Marc Thiessen's enduring affection for torture
Last week, I wrote that many of those writing in support of the military commissions in the aftermath of the Ahmed Ghailani verdict, like Marc Thiessen, were actually just writing in support of torture. Then Thiessen obliged me by proving my point, spending a few sentences defending the military commissions and a few hundred words defending the Bush administration's "enhanced interrogation program."
This is because a defense of the military commissions is very hard to make. In their entire history, only five convictions have been secured through military commissions, most through plea agreement, while civilian courts convicted hundreds throughout the same period. They've yielded light sentences, except in one case where the accused simply boycotted the trial. Even with the rules tilted towards the government, they have proven to be ineffective. They're expensive and more vulnerable to overturn on appeal than convictions in civilian court. Conservatives support them not because of their efficacy, but because they sound tough. Thiessen of course, is a perfect example of this. The Obama administration's hybrid approach to trying terrorists is, sadly, almost indistinguishable from that of Obama's predecessor and Thiessen's former boss.
Thiessen addresses none of the military commissions' glaring flaws, instead merely hiding behind the words of former Attorney General Michael Mukasey, whom I noted has become much more partisan since leaving government service. Mukasey stated, "There is no question that valuable information was gotten from him that led to evidence that could have been used against him in a military commission."
This is just factually inaccurate. Even Thiessen implicitly admits that it's factually inaccurate, because in his conclusion he states that "there is no consensus that a military commission would have rejected the same evidence that was excluded in Ahmed Ghailani's civilian trial." In other words, there is question, and Thiessen himself admits Mukasey is overstating by suggesting otherwise.
Thiessen then offers this weak rhetorical defense of Mukasey:
So those who agree with civilian trials are "legal experts" but those who disagree are "partisan figures"?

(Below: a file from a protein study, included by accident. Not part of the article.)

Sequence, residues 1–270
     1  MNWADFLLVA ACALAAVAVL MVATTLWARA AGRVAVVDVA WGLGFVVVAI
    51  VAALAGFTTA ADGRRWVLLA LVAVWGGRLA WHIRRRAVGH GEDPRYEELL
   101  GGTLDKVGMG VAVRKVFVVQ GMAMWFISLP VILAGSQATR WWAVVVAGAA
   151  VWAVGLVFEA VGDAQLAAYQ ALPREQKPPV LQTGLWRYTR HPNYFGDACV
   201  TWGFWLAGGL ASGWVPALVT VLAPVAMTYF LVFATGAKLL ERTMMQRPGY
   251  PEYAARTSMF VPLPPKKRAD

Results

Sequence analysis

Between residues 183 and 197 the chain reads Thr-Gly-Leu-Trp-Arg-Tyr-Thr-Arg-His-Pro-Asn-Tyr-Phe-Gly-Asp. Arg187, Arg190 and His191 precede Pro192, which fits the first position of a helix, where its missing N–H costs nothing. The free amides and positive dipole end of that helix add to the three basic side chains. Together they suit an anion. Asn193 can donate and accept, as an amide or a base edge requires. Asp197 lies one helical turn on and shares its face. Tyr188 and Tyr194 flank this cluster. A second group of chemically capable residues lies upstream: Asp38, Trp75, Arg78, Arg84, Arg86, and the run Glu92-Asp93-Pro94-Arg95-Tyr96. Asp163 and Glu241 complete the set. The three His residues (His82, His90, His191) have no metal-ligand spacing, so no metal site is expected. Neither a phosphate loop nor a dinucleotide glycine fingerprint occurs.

I offered a pretty clear reason for this characterization in my initial post: Mukasey is now a partisan figure because he's taken to writing op-eds attacking the president that directly contradict rulings he made as a federal judge, and, in this case, making pronouncements so strident Thiessen himself has to qualify them. Thiessen didn't respond to the former point because, well, he doesn't have a response.
David Frakt, Thiessen's other source, is a former military commissions defense attorney who represented an Afghan teenager who had been subjected to the "Frequent Flier" sleep deprivation program. Obviously, Frakt has some hands-on-experience dealing with such matters.
The problem is Thiessen, as he is wont to do, overstates the conclusions of his source. After Thiessen's original op-ed weeks ago, I emailed Frakt myself to find out if Thiessen had accurately represented his views. Frakt told me:
[Thiessen] overstates things when he says that it would be practically certain that the evidence would be admitted in a commission, but I like the fact that Thiessen finally admits what I, and others, have been saying all along -- the neocons want to use military commissions precisely because they believe they can get convictions in military commissions using coerced evidence that they know would not be admissible elsewhere.
"Believe" is the key point. Because while people like Thiessen and Mukasey have continued to portray the admission of such evidence as a near or virtual certainty, in fact the evidence in this case weighs in the opposite direction. They want to believe the evidence would be admissible because they want to minimize the damage done by the Bush administration's policy of torturing terror suspects, making it harder to bring the guilty to justice. The purpose of those military commissions regulations is to account for the "inherently coercive" nature of battlefield captures, not allow evidence gleaned from torturing someone in a secret prison for years.